Groups 1 and 3 showed newly formed bone tissue at the fracture sites. Thick callus consisting of newly formed bone and chondrocytes could be observed in the two groups, resulting in bone union. In contrast, fibrotic tissue and chondrocytes could be observed in group 2, with no bridging bone formation. In group 2 inter-trabecula lacunas existed with mild inflammatory cell infiltration. However, no obvious inflammatory cell infiltration was observed in groups 1 and 3 (Figure 4).

Figure 4 The histological analysis of the fracture healing in three groups (A,B). HE staining of the femurs (a1, b1, and c1) and the magnified images of the callus areas (a2, b2, c2) showed that the fracture + SD group (group 2) (b1, b2) had only fibrotic tissue and chondrocytes in the callus area, while the fracture group (group 1) (a1, a2) and fracture + SD + Tre group (group 3) (c1, c2) could observe newborn bones. In group 2, inter-trabecula lacunas existed with mild inflammatory cell infiltration.no obvious inflammatory cell infiltration was observed in groups 1 and 3. Similarly, Masson staining of the femurs (d1, e1, and f1) and the magnified images of the callus areas (d2, e2, and f2) demonstrated that group 2 (e1, e2) had less newborn born compared to the other two groups. The magnification in the upper row was 0.2× and lower row was 1×.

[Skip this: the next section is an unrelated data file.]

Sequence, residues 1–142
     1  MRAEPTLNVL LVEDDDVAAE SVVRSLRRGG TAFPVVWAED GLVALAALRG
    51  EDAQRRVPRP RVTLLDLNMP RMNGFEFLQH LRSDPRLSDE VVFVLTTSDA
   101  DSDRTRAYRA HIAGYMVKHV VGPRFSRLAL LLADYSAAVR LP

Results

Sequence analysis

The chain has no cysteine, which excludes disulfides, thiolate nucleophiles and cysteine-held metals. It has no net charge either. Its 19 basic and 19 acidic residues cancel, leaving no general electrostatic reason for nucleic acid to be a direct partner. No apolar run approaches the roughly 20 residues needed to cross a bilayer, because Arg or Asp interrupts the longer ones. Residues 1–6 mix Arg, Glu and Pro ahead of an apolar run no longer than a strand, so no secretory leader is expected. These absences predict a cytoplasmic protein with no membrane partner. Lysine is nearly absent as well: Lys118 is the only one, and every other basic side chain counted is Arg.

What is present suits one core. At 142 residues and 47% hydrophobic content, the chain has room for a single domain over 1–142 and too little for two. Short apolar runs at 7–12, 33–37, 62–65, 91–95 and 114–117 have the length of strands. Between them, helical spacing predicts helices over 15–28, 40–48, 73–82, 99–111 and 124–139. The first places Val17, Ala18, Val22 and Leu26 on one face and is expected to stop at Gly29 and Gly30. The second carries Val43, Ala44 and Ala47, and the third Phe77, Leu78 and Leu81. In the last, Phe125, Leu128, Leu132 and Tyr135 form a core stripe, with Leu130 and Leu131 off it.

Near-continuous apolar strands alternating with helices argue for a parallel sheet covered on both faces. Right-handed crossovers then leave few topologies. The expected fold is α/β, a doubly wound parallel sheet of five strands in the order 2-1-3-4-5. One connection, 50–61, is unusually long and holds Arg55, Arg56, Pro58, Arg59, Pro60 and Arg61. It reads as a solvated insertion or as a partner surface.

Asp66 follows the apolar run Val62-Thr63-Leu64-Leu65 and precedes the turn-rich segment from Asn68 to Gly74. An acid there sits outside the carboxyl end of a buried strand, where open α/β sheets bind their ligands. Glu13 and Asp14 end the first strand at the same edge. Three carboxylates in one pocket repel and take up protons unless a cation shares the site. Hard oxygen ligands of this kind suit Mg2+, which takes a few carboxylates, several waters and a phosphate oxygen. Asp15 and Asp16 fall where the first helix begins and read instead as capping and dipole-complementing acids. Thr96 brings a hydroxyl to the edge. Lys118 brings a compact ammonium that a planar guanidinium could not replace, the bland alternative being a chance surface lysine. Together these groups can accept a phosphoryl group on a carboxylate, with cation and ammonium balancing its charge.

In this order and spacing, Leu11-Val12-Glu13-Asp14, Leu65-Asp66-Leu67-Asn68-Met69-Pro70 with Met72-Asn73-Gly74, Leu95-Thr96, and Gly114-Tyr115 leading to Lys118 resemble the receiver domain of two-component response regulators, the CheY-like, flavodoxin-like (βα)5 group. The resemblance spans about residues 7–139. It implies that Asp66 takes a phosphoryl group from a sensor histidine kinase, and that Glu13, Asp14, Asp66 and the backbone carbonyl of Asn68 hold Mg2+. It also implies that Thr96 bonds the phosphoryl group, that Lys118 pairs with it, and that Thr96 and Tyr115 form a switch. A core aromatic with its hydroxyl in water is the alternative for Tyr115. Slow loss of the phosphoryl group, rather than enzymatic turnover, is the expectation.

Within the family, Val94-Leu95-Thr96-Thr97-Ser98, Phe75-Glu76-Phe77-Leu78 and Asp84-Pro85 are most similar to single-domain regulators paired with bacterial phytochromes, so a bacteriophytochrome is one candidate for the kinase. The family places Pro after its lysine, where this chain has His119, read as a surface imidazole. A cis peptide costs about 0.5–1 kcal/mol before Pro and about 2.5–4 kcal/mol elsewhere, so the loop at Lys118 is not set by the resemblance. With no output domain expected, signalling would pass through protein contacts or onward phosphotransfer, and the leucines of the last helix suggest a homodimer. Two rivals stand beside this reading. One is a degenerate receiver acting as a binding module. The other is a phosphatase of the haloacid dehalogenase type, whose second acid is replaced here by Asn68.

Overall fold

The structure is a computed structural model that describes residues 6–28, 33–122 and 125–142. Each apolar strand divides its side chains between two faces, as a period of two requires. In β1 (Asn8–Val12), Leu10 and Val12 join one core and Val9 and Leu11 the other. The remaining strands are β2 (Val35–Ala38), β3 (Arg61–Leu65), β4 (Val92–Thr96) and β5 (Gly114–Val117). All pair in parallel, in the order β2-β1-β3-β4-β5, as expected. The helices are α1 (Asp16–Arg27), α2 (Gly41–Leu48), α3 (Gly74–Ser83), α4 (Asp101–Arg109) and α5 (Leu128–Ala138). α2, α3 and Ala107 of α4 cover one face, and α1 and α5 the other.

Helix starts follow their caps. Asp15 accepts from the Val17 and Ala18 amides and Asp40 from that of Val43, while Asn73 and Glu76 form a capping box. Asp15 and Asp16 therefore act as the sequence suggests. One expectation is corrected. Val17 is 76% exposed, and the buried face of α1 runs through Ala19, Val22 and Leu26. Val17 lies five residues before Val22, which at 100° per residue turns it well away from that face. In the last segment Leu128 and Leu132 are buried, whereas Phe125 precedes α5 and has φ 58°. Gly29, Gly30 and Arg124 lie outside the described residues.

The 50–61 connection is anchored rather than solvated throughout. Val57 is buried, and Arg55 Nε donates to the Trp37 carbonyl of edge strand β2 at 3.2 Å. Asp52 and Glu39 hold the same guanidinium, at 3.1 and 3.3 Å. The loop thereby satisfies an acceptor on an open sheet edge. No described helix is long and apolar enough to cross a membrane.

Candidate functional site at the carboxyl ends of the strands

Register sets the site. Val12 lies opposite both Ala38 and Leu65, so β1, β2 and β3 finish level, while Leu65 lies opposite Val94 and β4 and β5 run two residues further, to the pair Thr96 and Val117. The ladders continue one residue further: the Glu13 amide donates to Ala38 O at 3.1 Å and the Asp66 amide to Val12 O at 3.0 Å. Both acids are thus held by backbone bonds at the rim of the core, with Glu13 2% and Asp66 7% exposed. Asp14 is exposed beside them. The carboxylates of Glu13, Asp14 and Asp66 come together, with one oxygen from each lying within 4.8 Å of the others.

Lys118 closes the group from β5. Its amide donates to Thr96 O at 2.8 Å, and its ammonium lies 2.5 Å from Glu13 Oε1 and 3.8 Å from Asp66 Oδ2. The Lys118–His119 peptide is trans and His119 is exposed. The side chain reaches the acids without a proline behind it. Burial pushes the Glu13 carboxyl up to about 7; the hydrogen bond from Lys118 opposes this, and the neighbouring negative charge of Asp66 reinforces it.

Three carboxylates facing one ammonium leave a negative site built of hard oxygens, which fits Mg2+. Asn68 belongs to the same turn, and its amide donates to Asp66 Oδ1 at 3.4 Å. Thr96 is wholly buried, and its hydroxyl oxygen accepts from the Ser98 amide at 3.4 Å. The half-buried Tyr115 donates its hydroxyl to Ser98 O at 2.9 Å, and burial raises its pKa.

Serum IL-1β and TNF-α

The concentration of serum TNF-α and IL-1β was significantly higher in group 2 compared with the other two groups (Figure 5). No significant difference was observed between groups 1 and 3 (Figure 5).

Figure 5 Elisa analysis of serum TNF-α and IL-1β in the three groups. The concentration of serum TNF-α (A) and IL-1β (B) was significantly higher in fracture + SD group (group 2) compared with the other two groups. No significant difference was observed between fracture (group 1) and fracture + SD + Tre group (group 3). *, P≤0.05, **, P≤0.01, and ***, P≤0.001 indicate significance between two groups.

Trehalose affects cell viability of RAW264.7 cells in vitro

Cytotoxicity of trehalose on RAW264.7 cells was assessed by CCK-8 assay. RAW264.7 cell proliferation was significantly decreased with the high concentration of 100 mM trehalose, while the cell viability was not affected by trehalose at low concentrations (Figure 6A).

Figure 6 Trehalose regulates cell viability and LPS-induced M1 and M2 inflammatory macrophage polarization. (A) RAW264.7 cells were cultured with the indicated concentrations (0, 25, 50, 100 and 200 mM) of trehalose in the growth medium for 1 days. Cell proliferation was determined using CCK-8 assay. **, P<0.01 compared to that in the control group. (B,C) Total RNAs were isolated from RAW264.7 cells cultured with trehalose (100 mM) for 1 days and the expression levels of M1, M2 macrophage markers were evaluated by real-time PCR using IL-6, Arg-1, IL-10 and β-actin gene-specific primers. **, P<0.01 compared to that in LPS group.

Trehalose regulates M1 and M2 inflammatory macrophage polarization in LPS-stimulated RAW264.7 cells